Foul smells emanating from your sink or drain may indicate a clogged drain. This is because food particles or other debris that have been trapped in the drain can produce odors over time. To get rid of the smell, consider using a natural cleaner like baking soda and vinegar, or a chemical drain cleaner.

Water on the Floor Around the Appliances

If you spot water on the floor around your appliances, such as your washing machine or dishwasher, it could be due to a clogged drain. When water can’t flow through the drainpipes, it may overflow and spill onto the floor. Try cleaning the drain trap or using a plumbing snake to unclog the drain.

Backed Up Drains or Toilets

A blocked drain can cause water to back up, leading to an overflow. If you notice water backing up into your sink or toilet, it’s likely that you have a clogged drain. In this case, try plunging the sink or toilet to remove the blockage.

High Water Bills

A clogged drain can often cause your water bills to skyrocket. If you notice a sudden increase in your water bill but have not drastically increased your usage, it could be due to a clogged drain. A clog can slow the draining process, which means your water will be running longer than usual.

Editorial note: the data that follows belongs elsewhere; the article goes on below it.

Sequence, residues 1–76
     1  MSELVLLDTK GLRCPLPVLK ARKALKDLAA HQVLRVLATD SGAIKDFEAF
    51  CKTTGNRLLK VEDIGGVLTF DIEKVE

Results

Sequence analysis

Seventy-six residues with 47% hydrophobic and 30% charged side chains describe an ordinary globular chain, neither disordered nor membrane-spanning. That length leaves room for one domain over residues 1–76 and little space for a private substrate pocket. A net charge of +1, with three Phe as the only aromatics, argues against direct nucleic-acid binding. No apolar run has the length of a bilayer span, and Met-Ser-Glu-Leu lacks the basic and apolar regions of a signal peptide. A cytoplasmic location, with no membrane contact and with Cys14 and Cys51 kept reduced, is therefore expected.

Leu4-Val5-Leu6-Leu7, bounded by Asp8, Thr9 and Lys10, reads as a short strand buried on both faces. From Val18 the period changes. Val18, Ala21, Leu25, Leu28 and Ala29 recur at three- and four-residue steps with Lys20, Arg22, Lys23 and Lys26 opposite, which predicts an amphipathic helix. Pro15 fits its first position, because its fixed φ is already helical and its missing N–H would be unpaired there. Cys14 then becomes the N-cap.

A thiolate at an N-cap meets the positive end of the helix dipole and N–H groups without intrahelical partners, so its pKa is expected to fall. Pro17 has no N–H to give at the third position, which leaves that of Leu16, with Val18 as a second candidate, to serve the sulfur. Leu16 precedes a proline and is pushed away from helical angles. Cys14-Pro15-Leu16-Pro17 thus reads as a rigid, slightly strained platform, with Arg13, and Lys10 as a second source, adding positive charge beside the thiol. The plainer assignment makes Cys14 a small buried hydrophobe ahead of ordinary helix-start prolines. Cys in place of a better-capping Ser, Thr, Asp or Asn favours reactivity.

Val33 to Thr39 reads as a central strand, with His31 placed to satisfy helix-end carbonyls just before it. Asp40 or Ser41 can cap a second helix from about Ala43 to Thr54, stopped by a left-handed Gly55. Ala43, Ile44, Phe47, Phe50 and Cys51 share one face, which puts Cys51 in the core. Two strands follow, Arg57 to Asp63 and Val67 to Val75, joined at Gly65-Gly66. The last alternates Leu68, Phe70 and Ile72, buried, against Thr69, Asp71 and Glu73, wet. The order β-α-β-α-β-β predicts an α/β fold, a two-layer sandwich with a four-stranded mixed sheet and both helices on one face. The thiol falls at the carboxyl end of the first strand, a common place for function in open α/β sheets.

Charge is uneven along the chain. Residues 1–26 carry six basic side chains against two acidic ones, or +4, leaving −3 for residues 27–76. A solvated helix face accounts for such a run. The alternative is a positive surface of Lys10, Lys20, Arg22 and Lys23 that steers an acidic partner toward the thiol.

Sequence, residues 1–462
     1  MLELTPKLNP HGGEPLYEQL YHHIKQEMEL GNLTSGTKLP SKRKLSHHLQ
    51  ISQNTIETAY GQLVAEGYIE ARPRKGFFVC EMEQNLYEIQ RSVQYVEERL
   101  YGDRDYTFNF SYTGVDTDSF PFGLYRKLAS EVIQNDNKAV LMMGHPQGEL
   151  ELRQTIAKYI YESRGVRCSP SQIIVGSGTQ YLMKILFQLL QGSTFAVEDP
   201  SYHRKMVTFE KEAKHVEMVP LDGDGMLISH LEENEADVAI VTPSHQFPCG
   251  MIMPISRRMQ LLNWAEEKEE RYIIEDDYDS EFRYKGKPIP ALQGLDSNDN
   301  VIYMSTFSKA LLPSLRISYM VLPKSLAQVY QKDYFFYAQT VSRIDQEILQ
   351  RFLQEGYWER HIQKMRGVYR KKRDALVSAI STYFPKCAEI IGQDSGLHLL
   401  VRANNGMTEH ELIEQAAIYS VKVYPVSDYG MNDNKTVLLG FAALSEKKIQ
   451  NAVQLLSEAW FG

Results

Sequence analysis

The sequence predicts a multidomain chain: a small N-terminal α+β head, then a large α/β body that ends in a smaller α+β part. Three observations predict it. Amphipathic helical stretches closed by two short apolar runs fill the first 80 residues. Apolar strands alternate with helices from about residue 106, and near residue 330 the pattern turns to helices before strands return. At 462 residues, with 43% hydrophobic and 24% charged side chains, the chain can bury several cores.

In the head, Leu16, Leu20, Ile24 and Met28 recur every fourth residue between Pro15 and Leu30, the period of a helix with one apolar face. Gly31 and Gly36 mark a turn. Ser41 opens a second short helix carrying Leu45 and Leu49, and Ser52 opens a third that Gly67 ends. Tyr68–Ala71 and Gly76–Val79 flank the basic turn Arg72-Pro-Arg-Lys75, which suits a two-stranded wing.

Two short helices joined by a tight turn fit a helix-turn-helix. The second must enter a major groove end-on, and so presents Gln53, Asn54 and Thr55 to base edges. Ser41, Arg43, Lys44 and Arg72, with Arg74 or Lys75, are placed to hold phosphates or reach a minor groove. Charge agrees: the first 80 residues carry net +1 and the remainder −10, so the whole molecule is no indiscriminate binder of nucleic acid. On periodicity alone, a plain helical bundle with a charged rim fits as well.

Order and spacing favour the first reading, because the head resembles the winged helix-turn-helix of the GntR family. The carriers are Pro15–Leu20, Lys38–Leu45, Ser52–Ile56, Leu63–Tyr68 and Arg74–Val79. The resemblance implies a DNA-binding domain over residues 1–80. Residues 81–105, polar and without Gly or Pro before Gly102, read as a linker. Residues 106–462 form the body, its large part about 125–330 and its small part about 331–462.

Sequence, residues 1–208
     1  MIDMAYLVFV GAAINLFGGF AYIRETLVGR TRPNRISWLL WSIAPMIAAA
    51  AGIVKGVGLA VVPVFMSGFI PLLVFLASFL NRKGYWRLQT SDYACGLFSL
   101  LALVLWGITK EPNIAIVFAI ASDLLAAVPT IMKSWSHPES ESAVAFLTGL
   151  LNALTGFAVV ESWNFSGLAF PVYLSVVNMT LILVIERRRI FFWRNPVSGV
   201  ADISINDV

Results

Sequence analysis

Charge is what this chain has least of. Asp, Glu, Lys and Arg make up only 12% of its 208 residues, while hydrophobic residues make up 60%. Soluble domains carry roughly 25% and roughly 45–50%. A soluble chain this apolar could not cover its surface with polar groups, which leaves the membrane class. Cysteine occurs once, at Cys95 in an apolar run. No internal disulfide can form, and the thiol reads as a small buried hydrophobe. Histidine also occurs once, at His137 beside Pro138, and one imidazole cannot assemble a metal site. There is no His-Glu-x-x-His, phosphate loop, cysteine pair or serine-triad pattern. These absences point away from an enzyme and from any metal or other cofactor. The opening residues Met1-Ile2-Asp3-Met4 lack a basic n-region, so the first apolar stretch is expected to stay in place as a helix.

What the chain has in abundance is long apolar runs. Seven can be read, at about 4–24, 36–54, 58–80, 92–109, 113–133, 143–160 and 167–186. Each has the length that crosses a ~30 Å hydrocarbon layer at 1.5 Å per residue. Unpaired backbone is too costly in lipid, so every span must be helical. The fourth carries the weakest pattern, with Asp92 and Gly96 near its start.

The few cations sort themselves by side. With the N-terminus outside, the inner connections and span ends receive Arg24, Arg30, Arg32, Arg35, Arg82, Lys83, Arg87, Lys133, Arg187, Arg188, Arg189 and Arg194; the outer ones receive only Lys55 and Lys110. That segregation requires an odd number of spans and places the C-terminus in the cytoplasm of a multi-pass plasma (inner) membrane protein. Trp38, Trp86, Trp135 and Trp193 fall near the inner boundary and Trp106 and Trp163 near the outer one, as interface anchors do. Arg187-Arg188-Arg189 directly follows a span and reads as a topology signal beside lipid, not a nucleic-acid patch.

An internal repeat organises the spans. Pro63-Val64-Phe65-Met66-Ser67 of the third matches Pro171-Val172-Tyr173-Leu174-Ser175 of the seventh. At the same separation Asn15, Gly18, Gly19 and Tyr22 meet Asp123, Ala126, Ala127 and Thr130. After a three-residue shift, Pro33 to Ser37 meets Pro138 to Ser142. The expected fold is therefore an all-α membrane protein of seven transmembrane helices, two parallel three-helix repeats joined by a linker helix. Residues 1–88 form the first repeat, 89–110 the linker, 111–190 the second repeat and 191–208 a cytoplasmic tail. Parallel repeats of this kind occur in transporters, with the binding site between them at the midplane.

Pests and Rodents

You may see an increase in pest or rodent activity around clogged sink drains. This is because a clogged drain can attract insects and rodents looking for food or water. If you spot this issue, try sealing off any cracks in the pipes and cleaning the drain. Before calling pest control, call a professional plumber to check out the problem.

Need a Solution for Blocked Drains?

A clogged drain is an inconvenience that many homeowners must deal with. However, if you know the signs and symptoms of a clogged drain, you can avoid costly repairs and keep your plumbing system running like new. You can always try DIY options first but don’t hesitate to call Drane Ranger if the problem persists or if you’re unsure what to do. We specialize in maintaining and clearing drains. Remember, preventive maintenance is key to keeping your plumbing system in good condition, so call Drane Ranger to take care of the problem today!

What’s the Best Solution to Blocked Drains Caused by the Build Up of Fat, Oil, and Grease?

Blocked drains are a common problem in many households, and they can be frustrating to deal with. Clogs caused by fat, oil, and grease can build up over time, leading to slow drainage and even complete blockages. These substances are common in many household items, such as cooking oil, butter, gravy, and meat juices. Most homeowners aren’t aware of the damage caused by these substances when they are washed down the drain.